In a series of interviews, nine members of the Stoneman Douglas community — students, parents, police, teachers — reflected on the past 12 months.
They did not want to relive that day. They did not want to argue about politics. They did not want to talk about the gunman’s pending trial for capital murder.
This is what they wanted to do: mourn.
In all the activity of the past year, the March for Our Lives rally in Washington, the tour across the country registering voters, the investigations, the hearings, finishing senior year, getting into college — some said they hadn’t had time to take the measure of what they had lost. As Jammal Lemy, 21, a Stoneman Douglas alumnus-turned-activist explained it, “We just had so much going on.”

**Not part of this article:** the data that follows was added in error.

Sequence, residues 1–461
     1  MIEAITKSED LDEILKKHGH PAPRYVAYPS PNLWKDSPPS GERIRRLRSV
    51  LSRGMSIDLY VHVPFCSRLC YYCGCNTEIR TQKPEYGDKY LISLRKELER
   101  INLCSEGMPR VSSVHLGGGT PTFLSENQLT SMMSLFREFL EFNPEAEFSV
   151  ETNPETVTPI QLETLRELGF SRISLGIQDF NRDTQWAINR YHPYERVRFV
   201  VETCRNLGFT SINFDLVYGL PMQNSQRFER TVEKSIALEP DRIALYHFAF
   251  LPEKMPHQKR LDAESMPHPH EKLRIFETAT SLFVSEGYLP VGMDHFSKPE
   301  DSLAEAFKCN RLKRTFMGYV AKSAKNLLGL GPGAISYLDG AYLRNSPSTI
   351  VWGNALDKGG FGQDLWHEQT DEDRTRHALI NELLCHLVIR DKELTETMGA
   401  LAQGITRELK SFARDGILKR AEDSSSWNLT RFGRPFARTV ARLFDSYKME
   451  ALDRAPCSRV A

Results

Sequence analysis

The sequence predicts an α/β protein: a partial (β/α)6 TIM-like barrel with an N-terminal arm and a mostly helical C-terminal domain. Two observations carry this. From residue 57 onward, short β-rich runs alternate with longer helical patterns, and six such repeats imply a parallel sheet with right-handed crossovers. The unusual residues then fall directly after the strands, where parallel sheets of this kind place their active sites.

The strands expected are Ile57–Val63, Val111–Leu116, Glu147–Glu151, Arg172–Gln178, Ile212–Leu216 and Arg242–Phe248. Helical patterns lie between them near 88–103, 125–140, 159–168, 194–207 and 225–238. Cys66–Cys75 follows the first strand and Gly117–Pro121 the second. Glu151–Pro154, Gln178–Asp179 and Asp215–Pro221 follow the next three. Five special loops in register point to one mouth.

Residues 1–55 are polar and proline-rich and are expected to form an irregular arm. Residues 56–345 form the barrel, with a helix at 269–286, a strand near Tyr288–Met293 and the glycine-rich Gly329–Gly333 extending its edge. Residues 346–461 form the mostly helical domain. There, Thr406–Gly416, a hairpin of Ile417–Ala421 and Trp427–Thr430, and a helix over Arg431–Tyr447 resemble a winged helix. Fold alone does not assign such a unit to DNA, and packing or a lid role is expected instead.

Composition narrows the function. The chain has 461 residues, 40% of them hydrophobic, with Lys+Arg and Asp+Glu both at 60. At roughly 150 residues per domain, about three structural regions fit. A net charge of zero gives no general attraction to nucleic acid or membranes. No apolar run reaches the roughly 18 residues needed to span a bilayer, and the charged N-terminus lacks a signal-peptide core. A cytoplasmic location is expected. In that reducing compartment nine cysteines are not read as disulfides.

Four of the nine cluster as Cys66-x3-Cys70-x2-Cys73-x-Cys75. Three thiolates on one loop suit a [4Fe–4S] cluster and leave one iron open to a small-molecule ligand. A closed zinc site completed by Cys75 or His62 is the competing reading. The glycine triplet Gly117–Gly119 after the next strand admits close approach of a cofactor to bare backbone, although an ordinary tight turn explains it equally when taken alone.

A father a year after the Parkland massacre: ”Everything that I see in the house relates to Joaquin. But I also miss my grown-up son, the one I will never have — the one that will go to college, get married, have kids. As a father, you have dreams.“ https://t.co/IZrIMHIzui
— Laurie Goodstein (@lauriegnyt) February 13, 2019